15. tom berry

    tom berry Active Member

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    pa pete,

    I think the move back came with the introduction of voice callers. They don't need to hear us any more.

    tom
     
  16. starshot2b

    starshot2b TS Member

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    Mr. Lawless, you bet I did...

    We move the scorekeepers chairs (booths really) to about the 20 yard line for 16's and doubles and to the 30 for handicaps. Anything closer and we'd set off targets.
     
  17. Pull Bang

    Pull Bang Member

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    In registered shooting there are only two things I want to hear: (1) the word “LOST” loud and clear, where it applies, & (2) Instantly after the last shot is shot on a post, the number of broke targets for each shooter on that post, again, loud and clear.

    Yes, there are exceptions. Broken target, or any other pertinent instructions.

    I don’t like a score keeper that feels he must motor jaw. I.e. End, get ready, move, look ahead I’ll show you one, which is the squad leader’s job, ECT, ECT ECT.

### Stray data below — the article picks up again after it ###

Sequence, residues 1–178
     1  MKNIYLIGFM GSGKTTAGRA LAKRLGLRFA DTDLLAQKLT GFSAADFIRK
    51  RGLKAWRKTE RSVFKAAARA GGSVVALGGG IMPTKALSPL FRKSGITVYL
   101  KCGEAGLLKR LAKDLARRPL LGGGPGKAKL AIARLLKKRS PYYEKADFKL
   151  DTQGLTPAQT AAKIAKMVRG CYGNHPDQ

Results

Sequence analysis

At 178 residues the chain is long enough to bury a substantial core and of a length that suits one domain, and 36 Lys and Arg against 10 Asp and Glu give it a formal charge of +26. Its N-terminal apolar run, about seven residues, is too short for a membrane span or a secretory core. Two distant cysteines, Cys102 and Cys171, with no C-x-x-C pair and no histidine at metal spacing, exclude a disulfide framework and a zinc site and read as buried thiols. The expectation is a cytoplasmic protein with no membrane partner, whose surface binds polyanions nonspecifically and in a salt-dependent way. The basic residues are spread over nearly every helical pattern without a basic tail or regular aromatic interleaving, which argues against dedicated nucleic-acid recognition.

Now in practice shooting depending on the shooters that are on the squad, (new shooters, non registered shooters, recreational shooters, ect.) some of the no no’s I mentioned, for safety reasons, are acceptable.

    If you re going to shoot registered targets, than, it is your responsibility to learn squad etiquette and procedures, particular the number of shots fired per post!!!


    Frank
     
  18. Ross

    Ross Well-Known Member

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    being from the upper midwest (Iowa & northern Illinois) and have been a scorekeeper for about 40 yrs. we were trained to call EVERYTHING and as most shooters dumped shells into pocket of vest or coat they had no idea what shot they were on, so we always called the ready after lead off fired their last shot on that post so everybody knew it was going to be a move. and if you did not call the ready you usually got a real dirty look from all 5 shooters when you called (dead or lost) unload and change PLEASE, because it was the scorekeepers JOB to keep track of all of those things, shooters wanted to shoot not be scorekeepers.

    when i moved to Ga. in 1986 & continued to shoot & be a scorekeeper, i almost had to learn all over again as most shooters kept shells in box & tossed empty's on the ground , (real no no), didn't want the scorekeeper to do or say anything except dead or lost & move.... oh well,, live and learn... Ross
     
  19. Joe Potosky

    Joe Potosky Well-Known Member

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    I do appreciate it when the chair calls change....
     
  20. Hauxfan

    Hauxfan Well-Known Member

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    Ross, I don't know where abouts in Iowa you worked at, but I've been shooting trap in Iowa for well over 30 years, and no one has ever called ready after the No.1 shooter shoots his last shot.

    Hauxfan!